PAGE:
Zakir Hussain reshapes a country’s self-perception
A.R. Rahman, the superstar composer behind “Slumdog Millionaire”’s smashing “Jai Ho,” isn’t the only Indian exporting depth and talent. Zakir Hussain, India’s preeminent tabla player, has wowed audiences for years, exploiting the tabla drum’s harmonic and rhythmic dimensions without interruption.
LEO: It seems like this has been already a big year for India, what with the success of “Slumdog Millionaire” and your friend, A.R. Rahman. That had to put you over the moon.
Zakir Hussain: Absolutely. You know that he’s one of our great composers from the world of Bollywood, a great genius, a real genius who has been doing music for, what, about 25 years, and has consistently been one of the finest composers. This is due recognition that he’s gotten, and I’m glad people are looking at India now.
LEO: What do you make of this sort of renewed focus on India, and how has that affected you and your music?
ZH: It’s too early to tell, but I hope it’s not the kind of focus we had in the ’60s, when everybody was wearing tie-dyed shirts, carrying incense and buying sitars and tablas because they saw the Beatles doing it. It was a fad, and in about two years or three years, it was gone. Everyone sort of forgot about India, except for the great Ravi Shankar, but nobody wanted to hear if there was anyone else playing Indian music. I hope that will not happen now, and that people realize India and Indian culture is so vast that Bollywood is one little speck on its canvas. An incredible panorama of art exists there.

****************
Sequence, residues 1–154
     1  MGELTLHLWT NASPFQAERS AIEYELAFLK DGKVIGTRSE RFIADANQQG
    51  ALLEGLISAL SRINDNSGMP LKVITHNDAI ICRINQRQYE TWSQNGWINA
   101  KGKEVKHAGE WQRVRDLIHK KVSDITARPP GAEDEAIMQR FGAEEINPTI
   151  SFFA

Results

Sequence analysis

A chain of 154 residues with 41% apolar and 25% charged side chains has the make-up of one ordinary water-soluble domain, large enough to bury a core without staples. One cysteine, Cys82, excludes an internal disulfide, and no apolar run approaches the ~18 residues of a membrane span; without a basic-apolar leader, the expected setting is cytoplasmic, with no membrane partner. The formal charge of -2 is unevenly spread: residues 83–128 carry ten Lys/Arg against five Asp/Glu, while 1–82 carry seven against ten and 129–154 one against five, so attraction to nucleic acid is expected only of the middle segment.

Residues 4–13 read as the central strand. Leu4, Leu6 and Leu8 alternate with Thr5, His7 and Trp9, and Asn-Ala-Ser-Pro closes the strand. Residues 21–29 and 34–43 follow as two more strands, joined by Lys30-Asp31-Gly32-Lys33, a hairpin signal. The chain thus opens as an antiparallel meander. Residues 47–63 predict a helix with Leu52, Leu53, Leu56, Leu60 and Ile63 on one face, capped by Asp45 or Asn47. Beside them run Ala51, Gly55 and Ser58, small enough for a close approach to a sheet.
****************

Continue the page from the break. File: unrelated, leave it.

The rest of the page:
LEO: In 2007, you co-wrote the song “Jai Hind” to celebrate India’s 60th year of independence. What was it like for you to try to encapsulate India’s culture and history?
ZH: A circular was sent out to musicians asking them to make suggestions on what should be a new theme song of the 60th year of India. Many, many ideas were given, and it came back that most musicians had listed me as the one to compose it. When I heard that, I thought, “Wow, what an honor it is that they would choose me as the guy who should be doing it and to put that responsibility on me.” All the musicians and artists came together for this. Six or seven famous Bollywood singers are on it, and an equal number of classic and folk singers, about eight or 10, and really fabulous young musicians are on it. It’s nice that the support was so strong that all these great musicians came together. It’s now played regularly every day on television, about once an hour, and people watch it. It’s a song that glorifies 60 years of India. The catchphrase, “Jai Hind,” means “Glory to India.” It was a dream come true.
LEO: You also revived “The Global Drum Project Tour” with Mickey Hart. Is that still going?
ZH: Oh yes, we have a tour that will happen late, late fall. We are working on a new record, and once I’m done with this tour, it’s back into the clutches of Mickey Hart (laughs). You enter the forest in the studio and you emerge four days later. We work there, we eat there, we sleep there, and, if the ideas are coming, we just keep going.
Maestros in Concert
w/ Zakir Hussain,
Pandit Shivkumar Sharma
Wednesday, March 25
Bomhard Theater, Kentucky Center
501 W. Main St.
$25-$30; 7:30 p.m.